Tax Liens vs. Certificates of Deposits

Find out if a house is in good condition before you bid on the tax lien.

Liquidlibrary/liquidlibrary/Getty Images

One general rule in investments is that you trade risk for returns. Certificates of deposit are safe, but returns are often low. Buying a tax lien is riskier, but can deliver greater profits. Whether a CD, even with a 1 or 2 percent yield, is better than investing in a tax lien depends on your situation, your goals and your tolerance for risk.

Buying CDs

A conventional certificate of deposit gives you a fixed rate of return for a specific time frame, such as six months, a year, three years or longer, after which you cash out. You pay a penalty if you cash out early. Several varieties of CDs exist, including a "bump up," which typically lets you get a one-time raise in interest rate if rates rise after you invest. You can buy CDs from banks and brokerages -- all it takes is having the money.

CD Considerations

There's no point in investing $1,000 in a one-year certificate of deposit if you're going to need the cash next month. Investing in a CD commits your money until the certificate matures, so you need to decide how long you want your money tied up. Rates are another consideration. In the 1980s, for example, rates ran above 10 percent, but from 2000 to 2012 they stayed below 5.4 percent. You can shop around for the best rate but you may not find a rate that meets your investment goals.

The Tax Lien Process

When a homeowner doesn't pay property tax, local government puts a lien on the house. In 29 states the government eventually puts the liens up for auction. Whoever buys the lien can demand the tax bill, plus interest, from the owner. The owner has anywhere from a few months to three years to pay off the lien, depending on state law. If the owner doesn't pay, the lienholder takes title. Interest rates are set by state law and can run as high as 18 percent. After expenses, however, the returns usually amount to 4 to 7 percent.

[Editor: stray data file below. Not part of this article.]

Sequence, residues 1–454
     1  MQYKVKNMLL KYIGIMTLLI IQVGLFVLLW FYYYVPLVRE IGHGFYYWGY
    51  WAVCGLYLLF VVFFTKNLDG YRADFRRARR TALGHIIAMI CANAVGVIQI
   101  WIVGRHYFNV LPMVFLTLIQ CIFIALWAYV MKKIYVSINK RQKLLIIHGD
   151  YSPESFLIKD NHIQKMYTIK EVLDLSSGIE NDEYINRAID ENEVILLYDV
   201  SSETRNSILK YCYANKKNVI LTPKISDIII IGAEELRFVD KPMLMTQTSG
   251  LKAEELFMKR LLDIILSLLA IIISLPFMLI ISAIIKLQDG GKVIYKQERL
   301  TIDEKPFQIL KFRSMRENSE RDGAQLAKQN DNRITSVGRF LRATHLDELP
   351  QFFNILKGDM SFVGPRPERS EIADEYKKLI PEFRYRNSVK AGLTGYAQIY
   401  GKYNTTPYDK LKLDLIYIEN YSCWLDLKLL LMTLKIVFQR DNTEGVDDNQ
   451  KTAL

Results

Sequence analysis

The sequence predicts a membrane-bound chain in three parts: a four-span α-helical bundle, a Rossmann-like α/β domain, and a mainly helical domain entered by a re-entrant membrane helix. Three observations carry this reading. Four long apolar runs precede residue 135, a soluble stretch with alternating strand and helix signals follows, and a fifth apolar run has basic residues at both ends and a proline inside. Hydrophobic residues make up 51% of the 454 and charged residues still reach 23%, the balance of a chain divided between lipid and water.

Tax Lien Factors

Tax-lien advisers sometimes brag about buying a $200,000 house by bidding a few thousand at a lien auction. Almost all homeowners pay off their lien, though, so you're more likely to end up with interest on your investment than real estate. Even if the rate of return is better than current CD rates, you'll have to work for it. You have to research the properties you bid on, to know they'll be worth the money if you do take ownership. You also need to watch for new tax-lien auctions on the property during the redemption period. If you don't bid on them, the winning bidder can challenge your claim to the house.